The wording is in the plural precisely for that reason. One can fulfil the first paragraph alone, but for the second paragraph to be valid, other people are vital. The shema moves from the relationship of the individual with God to relationships within society. For these relationships to work there must be rules and sanctions, boundaries must be set in place for the security of all concerned. Love alone will not enable a society to function smoothly – courts of laws are needed to.

We are moving towards a time of the year when the image of God as Judge is becoming stronger. Soon we shall be entering the moth of Elul with its lead up to Rosh Hashanah and Yom Kippur. Nachmanides wrote that Rosh Hashanah is a day of judgement with mercy and Yom Kippur is a day of mercy with judgement. Either way both mercy and judgement are part of the unity of God, interdependent and of equal importance just as we see in the full shema.

There is a Midrash that before God made our world God first made and destroyed other worlds. Some were made only with justice but no one could survive. Some God made only with mercy and love but the inhabitants were anarchic and constantly destroyed each other. Finally God made a world with a blend of the two, an imperfect but pragmatic world that worked. And that was when God knew that it was good.

Va’etchanan and Nachamu:In approaching God with our desires we may yet find comfort and the chance to rebuild

The Shabbat where we read parashat Va’etchanan is named for its haftarah: it is Shabbat Nachamu, the Sabbath of consolation.

After three weeks of haftarot that speak of rebuke, that have ratcheted up the anxious anticipation of the forthcoming cataclysm that is Tisha b’Av, we now begin the seven weeks of consolation, leading us to the possibility of a new start with God at Rosh Hashanah, reminding us that whatever the catastrophe, God is still there for us.

For a period of ten weeks we are liturgically reminded that it is time to put in the work to repair our relationship with God.

Va’etchanan begins with Moses reminding the people of his asking for God’s graciousness, asking to be allowed to enter the land that his whole life has been dedicated to guiding the nascent Jewish people towards.  He says “I besought God at that time saying, Adonai Elohim; you have begun to show your servant your greatness, the strength of your hand. For which god in heaven and earth can exist who does like you do? Please let me cross over so that I will see the good land that is beyond the Jordan, that good hill country and the Lebanon.  But God was angry with me because of you (the way you behaved) and did not listen to me and said to me, ‘Enough, do not speak more of this matter’…  Go up to Pisgah and look [in all four directions] …and command Joshua and strengthen him and encourage him….”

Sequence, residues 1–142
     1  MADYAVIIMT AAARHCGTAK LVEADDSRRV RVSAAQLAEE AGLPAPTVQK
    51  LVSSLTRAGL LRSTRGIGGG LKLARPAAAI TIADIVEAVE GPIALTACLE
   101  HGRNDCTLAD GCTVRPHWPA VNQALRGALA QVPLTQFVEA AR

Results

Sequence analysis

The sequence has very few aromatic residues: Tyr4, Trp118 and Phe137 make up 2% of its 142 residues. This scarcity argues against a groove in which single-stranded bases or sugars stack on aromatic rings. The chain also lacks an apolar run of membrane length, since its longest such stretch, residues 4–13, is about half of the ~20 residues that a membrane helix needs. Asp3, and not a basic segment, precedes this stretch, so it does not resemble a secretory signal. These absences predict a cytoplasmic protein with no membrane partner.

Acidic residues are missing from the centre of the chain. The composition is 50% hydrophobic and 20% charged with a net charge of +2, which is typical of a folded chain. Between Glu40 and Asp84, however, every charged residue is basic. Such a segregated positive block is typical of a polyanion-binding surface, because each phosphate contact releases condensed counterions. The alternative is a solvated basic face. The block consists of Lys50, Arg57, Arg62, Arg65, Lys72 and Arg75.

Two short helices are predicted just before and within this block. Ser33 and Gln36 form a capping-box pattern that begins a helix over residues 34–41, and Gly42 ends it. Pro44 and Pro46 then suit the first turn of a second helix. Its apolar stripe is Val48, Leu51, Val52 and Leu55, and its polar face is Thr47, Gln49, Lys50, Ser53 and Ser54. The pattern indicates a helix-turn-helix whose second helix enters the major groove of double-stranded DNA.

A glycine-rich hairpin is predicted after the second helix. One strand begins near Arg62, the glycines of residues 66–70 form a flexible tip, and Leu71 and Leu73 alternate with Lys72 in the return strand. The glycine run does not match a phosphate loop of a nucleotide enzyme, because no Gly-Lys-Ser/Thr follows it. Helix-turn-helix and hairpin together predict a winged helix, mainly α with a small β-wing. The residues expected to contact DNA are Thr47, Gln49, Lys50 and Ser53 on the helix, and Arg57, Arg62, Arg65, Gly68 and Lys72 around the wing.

Va’etchanan ends an era, albeit with the pain and frustration of Moses played out publicly before the people. A line has been drawn; it is time for the next leader, the next stage of the people’s history.

Nachamu begins with the repeated imperative to “Comfort yourselves”. It goes on to speak to the heart of Jerusalem to say that that her time of service is over and her guilt paid off, that she has received from God double for all her sins.  A voice is calls: Clear the route of God in the wilderness, make a highway in the desert for our God. Every valley shall be raised, every mountain and hill diminished, the rugged will be levelled, the rough places smoothed.  And the glory of God will be revealed and everyone shall see it, for the mouth of God has spoken it”

One can read the Isaiah as a counterpoint to Va’etchanan, a response to Moses’ anguish that he will not be there to guide and escort the people in the land they are ready to enter: – Isaiah stresses the point that while yes the people will stray, God will still be there for them. The pathway that has led from Egypt to Mt Sinai, and from Mt Sinai to the Promised Land in a wandering and circuitous route, will become clear and defined and will link the people and God in a pathway that is easy to see and to tread.  The repetition of the imperative “Nachamu” echoes the repetition of the angel calling to Abraham at the site of the Akedah, reminding us that when we are so involved in our own ideas and world view it takes more than one call to drag us out of our intense concentration to be able to see a bigger picture.

But I think the Isaiah speaks not only to past time, but to present and future time. The passage speaks of a change in the landscape so that all the landmarks we are used to have gone, a levelling so that the valleys and mountains are brought together to one flat plain where no one and nothing can hide. It erases the peaks and the troughs, the domains of the heavens and the earth which shall never quite meet. Instead it speaks of human mortality and the eternity of the word of God. It speaks of catastrophic worldly and political change and of the consoling continuity of our relationship with God.

Whose is the voice calling in the wilderness demanding proclamation?  Whose is the voice asking what should be proclaimed?  Like the voice of the shofar at the revelation of Mt Sinai, these voices are ownerless in the text; we can claim them or project onto them.

The voices can be ours, demanding justice, demanding fairness, demanding relationship with God. Just as we are told that “the mouth of the Eternal has spoken” we are given a voice to speak back, to have a dialogue not only with each other but with our creator.